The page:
For whatever reason, two of the most challenging costumes came to me immediately. Mrs. Potts was one of those. As soon as I knew we were doing Beauty and the Beast I knew I wanted to fashion a oblong teapot, and I knew I could do it with hoop skirts. The original intention had been to construct them myself, but they weren’t very expensive so ended up buying two and working with that.
I found the fabric I wanted at Materials for the Arts. I can only describe is as an “aged velvet upholstery fabric.” Whatever it was, it was perfect and looked just like an old teapot to me and I prayed there would be enough for both Mrs. Potts and Chip.
The first step was the fitting. I had to see which hoops I was going to cut and what would crate the bell shape that I would need. Along with this I had to test the fabric to make sure I had enough. Thankfully I did, because I was dead set on this fabric.
Things looked good at this point so I decided to go ahead and cut the hoop skirts to the desired length and we created the little ball shape that we needed.
Having measured the skirt (but still completely winging it at this point so I still wasn’t convinced it would work), it was time to cut large panels of the fabric. At this point I was concerned that I wouldn’t have enough to make Chip matching, but that turned out not to be the case in the end.
Once the plan of attack was laid out, it was time to cut the bodice. I got more and more excited about the fabric the more I cut it. Once cut, I quickly sewed the bodice together, having to go over seams multiple times in some cases because the fabric was so thick and I wanted to make sure it was durable.
The skirt was just two large panels of what I had leftover, fabric-wise. We made sure we had enough and moved forward. Though you see gathering stitches in these pictures, I ended up doing an elaborate pleating system as this fabric was IMPOSSIBLE to gather enough. The bodice and skirt got attached, and it was time to figure out the remaining little details.
Originally, the plan had been to create some sort of elastic ruffle at the bottom to create the illusion of a teapot stand. I ended up taking more extra hoop steel and using this as the base for the bottom of the teapot. I used a different fabric for the ruffle, and sewed it onto the hoop steel, then attached it to the skirt and cinched the whole thing in with elastic. I took the same fabric I used to the ruffle and made one sleeve for the handle. For the spout, I used the main upholstery fabric. Sleeves attached, and then was just a matter of adding a few little lace trim details and Mrs. Potts was done!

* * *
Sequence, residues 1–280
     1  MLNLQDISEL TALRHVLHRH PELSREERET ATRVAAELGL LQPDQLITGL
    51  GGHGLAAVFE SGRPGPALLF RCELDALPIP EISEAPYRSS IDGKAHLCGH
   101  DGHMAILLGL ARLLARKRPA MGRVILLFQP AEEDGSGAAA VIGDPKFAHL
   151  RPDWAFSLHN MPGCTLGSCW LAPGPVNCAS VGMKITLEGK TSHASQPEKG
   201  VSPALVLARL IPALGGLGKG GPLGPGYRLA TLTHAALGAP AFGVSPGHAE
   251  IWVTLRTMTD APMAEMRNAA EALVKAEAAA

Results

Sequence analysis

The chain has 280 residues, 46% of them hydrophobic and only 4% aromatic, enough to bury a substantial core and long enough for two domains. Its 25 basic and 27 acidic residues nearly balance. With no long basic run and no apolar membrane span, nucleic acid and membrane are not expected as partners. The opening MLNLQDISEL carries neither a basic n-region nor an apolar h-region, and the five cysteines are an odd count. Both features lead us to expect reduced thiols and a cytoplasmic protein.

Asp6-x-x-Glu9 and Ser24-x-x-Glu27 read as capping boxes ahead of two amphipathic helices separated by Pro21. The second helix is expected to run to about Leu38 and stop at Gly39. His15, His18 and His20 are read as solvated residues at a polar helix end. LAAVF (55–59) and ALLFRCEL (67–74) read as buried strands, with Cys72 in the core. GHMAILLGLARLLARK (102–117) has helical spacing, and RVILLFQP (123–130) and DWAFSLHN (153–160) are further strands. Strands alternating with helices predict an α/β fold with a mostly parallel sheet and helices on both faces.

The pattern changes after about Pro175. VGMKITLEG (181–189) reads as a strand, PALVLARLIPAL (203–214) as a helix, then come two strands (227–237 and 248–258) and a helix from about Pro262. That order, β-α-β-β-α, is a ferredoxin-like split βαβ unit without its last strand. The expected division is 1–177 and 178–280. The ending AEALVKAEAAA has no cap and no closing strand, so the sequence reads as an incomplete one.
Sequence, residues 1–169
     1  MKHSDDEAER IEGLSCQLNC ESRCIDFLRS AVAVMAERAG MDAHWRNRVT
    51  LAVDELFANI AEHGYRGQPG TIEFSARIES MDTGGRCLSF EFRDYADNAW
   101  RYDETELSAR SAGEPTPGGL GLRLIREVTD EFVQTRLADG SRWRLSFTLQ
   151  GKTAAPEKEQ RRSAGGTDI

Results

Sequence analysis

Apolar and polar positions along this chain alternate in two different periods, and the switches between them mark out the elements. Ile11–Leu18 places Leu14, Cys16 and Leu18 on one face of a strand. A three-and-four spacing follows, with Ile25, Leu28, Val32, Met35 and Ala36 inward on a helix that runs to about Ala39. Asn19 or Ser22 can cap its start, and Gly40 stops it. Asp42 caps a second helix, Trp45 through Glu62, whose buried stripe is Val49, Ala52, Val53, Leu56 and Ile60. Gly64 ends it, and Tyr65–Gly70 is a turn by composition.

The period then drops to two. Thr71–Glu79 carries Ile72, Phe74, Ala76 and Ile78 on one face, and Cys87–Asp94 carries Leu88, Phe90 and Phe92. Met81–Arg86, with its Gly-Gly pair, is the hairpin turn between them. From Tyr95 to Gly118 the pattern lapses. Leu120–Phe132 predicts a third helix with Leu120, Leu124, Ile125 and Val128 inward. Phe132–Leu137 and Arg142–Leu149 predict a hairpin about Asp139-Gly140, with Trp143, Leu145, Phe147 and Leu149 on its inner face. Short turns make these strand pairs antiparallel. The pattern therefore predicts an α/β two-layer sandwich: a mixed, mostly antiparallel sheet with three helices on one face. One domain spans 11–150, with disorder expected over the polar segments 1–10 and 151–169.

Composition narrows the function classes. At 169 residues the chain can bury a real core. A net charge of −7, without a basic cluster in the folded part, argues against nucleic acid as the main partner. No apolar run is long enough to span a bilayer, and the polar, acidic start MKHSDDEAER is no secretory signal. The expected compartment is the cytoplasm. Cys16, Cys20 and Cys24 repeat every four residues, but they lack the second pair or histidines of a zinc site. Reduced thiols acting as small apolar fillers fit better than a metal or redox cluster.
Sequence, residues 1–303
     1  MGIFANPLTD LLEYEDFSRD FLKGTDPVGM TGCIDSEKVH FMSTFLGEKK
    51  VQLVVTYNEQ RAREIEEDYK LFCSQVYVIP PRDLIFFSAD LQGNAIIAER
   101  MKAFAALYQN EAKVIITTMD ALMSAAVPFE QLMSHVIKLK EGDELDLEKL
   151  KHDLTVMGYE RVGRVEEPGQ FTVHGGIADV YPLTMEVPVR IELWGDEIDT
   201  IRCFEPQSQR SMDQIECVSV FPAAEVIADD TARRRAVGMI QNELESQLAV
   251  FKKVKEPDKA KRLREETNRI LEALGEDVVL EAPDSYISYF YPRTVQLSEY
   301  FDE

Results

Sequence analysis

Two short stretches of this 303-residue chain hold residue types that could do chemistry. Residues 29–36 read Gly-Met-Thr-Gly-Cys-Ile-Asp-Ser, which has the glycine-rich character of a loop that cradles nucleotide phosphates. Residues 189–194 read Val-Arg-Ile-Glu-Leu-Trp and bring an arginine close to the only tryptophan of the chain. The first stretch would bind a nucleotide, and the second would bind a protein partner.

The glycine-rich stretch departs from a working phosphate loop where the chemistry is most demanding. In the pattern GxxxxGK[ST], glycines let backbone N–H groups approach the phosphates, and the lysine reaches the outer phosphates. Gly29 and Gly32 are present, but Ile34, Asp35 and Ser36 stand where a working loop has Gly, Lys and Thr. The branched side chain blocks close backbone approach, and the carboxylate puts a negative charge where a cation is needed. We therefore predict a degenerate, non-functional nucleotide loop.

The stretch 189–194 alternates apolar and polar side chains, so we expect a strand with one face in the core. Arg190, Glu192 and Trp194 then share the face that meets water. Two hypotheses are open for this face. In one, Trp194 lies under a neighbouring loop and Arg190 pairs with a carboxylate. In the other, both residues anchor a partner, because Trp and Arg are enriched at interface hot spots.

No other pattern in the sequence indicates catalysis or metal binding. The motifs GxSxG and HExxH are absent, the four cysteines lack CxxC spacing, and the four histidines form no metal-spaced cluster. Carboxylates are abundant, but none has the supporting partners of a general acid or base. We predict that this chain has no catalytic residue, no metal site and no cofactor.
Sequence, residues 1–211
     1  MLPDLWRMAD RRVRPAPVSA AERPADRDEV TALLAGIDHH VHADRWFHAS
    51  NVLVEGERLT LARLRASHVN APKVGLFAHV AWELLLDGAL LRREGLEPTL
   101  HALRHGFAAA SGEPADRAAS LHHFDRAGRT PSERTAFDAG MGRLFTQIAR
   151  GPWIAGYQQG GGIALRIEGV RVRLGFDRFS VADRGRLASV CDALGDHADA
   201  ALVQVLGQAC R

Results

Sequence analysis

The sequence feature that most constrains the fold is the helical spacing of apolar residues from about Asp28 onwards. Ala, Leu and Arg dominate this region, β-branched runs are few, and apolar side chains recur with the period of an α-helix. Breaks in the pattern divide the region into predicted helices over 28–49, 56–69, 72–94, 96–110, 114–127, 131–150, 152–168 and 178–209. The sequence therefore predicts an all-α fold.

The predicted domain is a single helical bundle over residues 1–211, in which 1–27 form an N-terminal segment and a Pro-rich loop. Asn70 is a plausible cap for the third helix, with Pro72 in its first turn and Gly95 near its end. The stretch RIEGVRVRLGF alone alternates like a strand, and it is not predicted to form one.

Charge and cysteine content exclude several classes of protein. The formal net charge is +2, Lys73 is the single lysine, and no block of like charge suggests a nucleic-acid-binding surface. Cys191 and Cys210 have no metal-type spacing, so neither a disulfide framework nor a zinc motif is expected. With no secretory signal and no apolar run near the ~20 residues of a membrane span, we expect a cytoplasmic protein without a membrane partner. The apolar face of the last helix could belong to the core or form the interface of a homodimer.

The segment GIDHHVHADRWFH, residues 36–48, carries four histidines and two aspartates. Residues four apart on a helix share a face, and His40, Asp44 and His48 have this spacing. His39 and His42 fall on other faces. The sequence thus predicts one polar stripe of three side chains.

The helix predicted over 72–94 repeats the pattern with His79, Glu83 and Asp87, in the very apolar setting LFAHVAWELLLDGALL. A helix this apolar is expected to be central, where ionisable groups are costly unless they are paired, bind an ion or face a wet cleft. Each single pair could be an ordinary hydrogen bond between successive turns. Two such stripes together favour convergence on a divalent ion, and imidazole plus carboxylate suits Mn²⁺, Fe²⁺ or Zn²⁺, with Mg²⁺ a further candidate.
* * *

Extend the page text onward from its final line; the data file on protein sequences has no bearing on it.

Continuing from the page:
For Chip, I had no idea what I was going to do for a very long time, and so I just avoided it until shortly before we had dress rehearsal. I had let some ideas stew in my head for a while, and by the time I got to it, I knew more or less the process.
The first step was to create the pattern. I measured it out, and then tested it with some scrap fabric. I got the size wrong a few times, so thankfully this was a really quick project and allowed me some time to test it over and over again.
Above you can see the basic idea behind Chip (this is still the prototype). I was also trying to account for the fact that it needed to stand up, which it definitely was not in this picture.
I finally got it down, and turned to the real fabric. I used the upholstery fabric as well as some vinyl as an inner layer to create more stiffness.
It worked perfectly, and then it was a matter of cutting a head hole, creating a handle and creating a way for it to stand up. Truth be told, I didn’t get it to stand up until right before it had to go onstage. Turned out to be a simple matter of creating a duct tape layer that would sit on the actress’ head and keep it up. All in all, it ended up workout out really nicely.
The other aspect of the Chip costume was the cart. The Broadway version has Chip as just a head, and this is what I wanted to do. To make a long story short, the director and I worked together on a couple versions of the cart before finally using a shopping cart with a PVC piping frame around it, which I then covered with an ornate curtain to look like a tablecloth.
And, finally, the finished product: